The intricate art of BATIK

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By 2017-04-16

By Amelia Ryan
Ceylon Today Features

Sri Lanka which is also known as the paradise island is a country that is famed for a number of things ranging from its rice and curry, tropical weather, sandy beaches and so forth. While 'Batik' is originally a Javanese technique of art, at present Sri Lanka is renowned for its batik clothing, wall hangings and other arte crafts involving this technique amongst both Sri Lankans as well as tourists visiting Sri Lanka from across the globe. Without doubt we all do love our ever famous comfy batik sarongs and dresses but not many of us know the procedure by which the intricate colourful designs are used to decorate cloth. Being a part of the group that isn't quite aware on how the batik industry functions, Ceylon Today went on an expedition to the Prasanna Batiks factory In order to have an insight on how it all works.

A visit to the Prasanna Batiks factory located at Wellampitiya has been a great opportunity in acknowledging the manner in which batik items are fabricated. The whole process of drawing and dyeing a piece of cloth isn't as simple as walking into a shop and buying a batik garment. Having had the opportunity to speak to the highly talented artist at Prasanna Batiks at present was indeed a moment of discovering real aptitude. Ashoka, who has worked at the factory for over 13 years, is one of the most treasured assets of this factory as a result of his artistic skills. Although modern technology has come into play, Ashoka uses his imaginative skills to come up with unique and creative designs which he then draws freehanded without the use of any form of stencil. While each design is detailed and unique in its own sense, it takes this talented individual a maximum of only two hours to complete a design.

Before the good is finalized for sale, each batik item goes through five stages during the manufacturing process. The first stage involves drawing the design on to the cloth and this is then sent onto the second stage which is the stage at which wax is used on the fabric in order to prevent the dye from penetrating the cloth. In a calm and quiet room, three pots of boiling wax sit by the side while patient ladies wax the fabric using a funnel occasionally dipping it into a pot of wax to refill the funnel. Once the fabric is waxed, it is kept aside in order for it to solidify. Before the waxed fabric is sent for dyeing which is the third stage, it is manually crushed using one's hands, as this helps in creating a cracked effect on batik clothes. After this is done the fabric is dipped into a cement basin of water and dye depending on the colour allocated for the particular fabric. This sector of the factory has an array of cement basins with different vibrant colours of dyes in which fabrics are allowed to soak and then put out to dry.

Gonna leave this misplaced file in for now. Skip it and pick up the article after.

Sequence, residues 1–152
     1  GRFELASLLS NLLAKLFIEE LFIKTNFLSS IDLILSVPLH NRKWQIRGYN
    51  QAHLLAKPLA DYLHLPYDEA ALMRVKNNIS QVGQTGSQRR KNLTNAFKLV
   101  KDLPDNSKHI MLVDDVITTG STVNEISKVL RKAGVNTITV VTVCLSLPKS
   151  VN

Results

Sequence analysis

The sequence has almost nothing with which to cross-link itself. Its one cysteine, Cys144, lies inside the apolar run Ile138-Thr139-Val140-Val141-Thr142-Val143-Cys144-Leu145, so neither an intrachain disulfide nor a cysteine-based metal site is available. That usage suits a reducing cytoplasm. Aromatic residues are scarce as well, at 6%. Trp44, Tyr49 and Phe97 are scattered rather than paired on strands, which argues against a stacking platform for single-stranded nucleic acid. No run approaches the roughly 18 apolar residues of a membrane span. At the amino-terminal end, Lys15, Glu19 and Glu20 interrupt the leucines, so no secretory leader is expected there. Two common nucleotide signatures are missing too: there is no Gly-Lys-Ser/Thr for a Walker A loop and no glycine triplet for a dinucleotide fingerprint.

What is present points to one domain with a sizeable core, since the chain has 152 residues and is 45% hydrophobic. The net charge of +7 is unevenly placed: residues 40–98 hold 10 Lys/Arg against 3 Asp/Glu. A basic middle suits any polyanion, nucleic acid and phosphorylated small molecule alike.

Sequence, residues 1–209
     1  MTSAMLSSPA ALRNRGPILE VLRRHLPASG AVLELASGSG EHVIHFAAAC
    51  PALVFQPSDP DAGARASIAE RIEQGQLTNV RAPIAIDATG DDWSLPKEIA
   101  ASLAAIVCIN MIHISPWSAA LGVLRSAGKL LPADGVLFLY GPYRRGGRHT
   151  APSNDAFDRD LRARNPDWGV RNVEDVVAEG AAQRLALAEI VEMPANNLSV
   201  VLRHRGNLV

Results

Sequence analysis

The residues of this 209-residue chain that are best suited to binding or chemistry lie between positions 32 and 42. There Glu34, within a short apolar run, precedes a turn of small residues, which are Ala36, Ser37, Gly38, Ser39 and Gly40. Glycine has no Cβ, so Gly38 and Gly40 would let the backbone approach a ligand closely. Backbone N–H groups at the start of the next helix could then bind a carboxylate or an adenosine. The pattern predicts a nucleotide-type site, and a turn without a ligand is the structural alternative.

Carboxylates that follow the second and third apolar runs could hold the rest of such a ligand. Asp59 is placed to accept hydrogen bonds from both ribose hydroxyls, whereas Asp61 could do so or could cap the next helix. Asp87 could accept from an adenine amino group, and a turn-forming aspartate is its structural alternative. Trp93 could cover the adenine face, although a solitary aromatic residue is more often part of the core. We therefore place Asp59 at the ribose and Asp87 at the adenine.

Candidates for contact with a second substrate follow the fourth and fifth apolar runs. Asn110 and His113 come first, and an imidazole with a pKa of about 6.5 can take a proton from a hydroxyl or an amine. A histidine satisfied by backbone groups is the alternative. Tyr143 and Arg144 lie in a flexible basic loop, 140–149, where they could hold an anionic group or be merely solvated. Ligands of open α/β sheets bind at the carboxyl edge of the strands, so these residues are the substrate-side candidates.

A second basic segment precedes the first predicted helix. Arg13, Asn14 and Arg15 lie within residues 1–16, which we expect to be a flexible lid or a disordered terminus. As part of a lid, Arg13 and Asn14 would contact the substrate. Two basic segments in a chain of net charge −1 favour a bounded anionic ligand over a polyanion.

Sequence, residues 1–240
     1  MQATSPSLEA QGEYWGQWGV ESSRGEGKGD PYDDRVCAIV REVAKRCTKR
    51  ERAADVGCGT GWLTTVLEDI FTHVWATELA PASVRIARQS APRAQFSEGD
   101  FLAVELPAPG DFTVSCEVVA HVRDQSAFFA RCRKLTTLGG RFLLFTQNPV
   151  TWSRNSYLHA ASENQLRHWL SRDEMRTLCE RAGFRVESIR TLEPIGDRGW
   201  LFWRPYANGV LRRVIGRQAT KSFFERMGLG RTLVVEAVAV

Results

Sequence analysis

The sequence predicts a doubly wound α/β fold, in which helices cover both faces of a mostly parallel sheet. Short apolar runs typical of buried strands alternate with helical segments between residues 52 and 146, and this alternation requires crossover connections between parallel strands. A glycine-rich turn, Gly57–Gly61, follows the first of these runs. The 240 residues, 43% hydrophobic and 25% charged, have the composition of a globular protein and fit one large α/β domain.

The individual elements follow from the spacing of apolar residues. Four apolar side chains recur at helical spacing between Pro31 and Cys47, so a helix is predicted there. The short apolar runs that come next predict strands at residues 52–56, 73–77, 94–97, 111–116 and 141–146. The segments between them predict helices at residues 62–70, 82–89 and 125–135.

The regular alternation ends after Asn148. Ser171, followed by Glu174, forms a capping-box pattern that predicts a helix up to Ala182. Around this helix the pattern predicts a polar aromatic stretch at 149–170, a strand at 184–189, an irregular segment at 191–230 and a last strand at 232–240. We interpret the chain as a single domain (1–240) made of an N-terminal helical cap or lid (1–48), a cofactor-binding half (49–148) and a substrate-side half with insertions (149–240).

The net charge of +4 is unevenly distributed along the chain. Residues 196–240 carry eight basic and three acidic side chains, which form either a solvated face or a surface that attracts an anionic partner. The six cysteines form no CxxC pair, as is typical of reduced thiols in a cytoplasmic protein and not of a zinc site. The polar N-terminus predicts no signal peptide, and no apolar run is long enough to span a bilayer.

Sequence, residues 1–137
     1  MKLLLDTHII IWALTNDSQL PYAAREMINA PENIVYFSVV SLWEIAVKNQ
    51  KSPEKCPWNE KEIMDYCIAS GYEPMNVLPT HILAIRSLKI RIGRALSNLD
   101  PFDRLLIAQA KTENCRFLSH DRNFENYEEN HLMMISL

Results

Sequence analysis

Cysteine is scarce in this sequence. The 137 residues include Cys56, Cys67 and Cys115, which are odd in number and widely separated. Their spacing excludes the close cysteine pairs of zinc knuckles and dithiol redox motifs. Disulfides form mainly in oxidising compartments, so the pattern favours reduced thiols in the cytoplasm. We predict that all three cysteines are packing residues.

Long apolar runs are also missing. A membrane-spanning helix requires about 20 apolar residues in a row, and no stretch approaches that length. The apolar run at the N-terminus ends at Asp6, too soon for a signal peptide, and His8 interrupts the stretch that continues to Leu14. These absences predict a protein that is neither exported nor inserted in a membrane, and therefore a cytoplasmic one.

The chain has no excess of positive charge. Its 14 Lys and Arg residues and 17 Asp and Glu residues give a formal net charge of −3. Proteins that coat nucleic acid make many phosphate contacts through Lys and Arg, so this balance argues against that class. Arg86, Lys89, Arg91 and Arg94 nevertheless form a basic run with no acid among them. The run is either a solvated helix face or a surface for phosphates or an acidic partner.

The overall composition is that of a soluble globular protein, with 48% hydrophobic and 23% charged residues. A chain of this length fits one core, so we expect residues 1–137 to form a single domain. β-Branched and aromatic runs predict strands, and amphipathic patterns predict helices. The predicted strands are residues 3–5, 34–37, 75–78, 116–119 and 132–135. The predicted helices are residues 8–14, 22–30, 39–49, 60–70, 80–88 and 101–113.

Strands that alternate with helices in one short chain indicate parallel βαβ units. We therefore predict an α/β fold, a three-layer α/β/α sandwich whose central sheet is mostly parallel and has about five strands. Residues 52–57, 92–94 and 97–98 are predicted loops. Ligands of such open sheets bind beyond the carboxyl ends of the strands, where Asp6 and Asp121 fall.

The fourth stage is one of the most important stages as this is when the waxed and dyed fabric is put into a barrel of hot water in order for the wax to melt off the cloth. Once this is done the fabric is taken out of the barrel and is washed in running water to make sure that no wax remains on the cloth. After the washed fabric dries completely it is sent for the fifth and final stage of the process. It is at this stage that the fabrics are shaped and sewn into the final outcome which many of us love wearing. This process starts off with the cutting of the material using shaped blocks as this helps in cutting the material precisely. Cutting material all day sounds quite boring doesn't it? Yet, the man behind this task is immensely focused in his work and does so with great enthusiasm. These materials that are shaped are then sewn and ironed to create the final product.

Prasanna Batiks which has been established for almost 30 years serves a group of mixed clients with 50% of their customers being locals and the other 50% being tourists. Aside from this they also cater to export orders whilst outsourcing items such as batik wall hangings. Some of the goods manufactured at the Prasanna Batiks factory are, house coats, children's wear, men's wear, women's wear, bed sheets and so forth. According to Director of Prasanna Batiks, Lishan Wickramanayke, the batik industry cannot survive if they don't meet the latest trends. As a result of this, the artists and designers in this field try to maintain a Sri Lankan identity with their products whilst infusing a modern touch. Although batik is seen to be traditional, at present outlets such as Prasanna Batiks design their clothes in a more fashionable manner by focusing on meeting the trend with a traditional twist.

A modern twist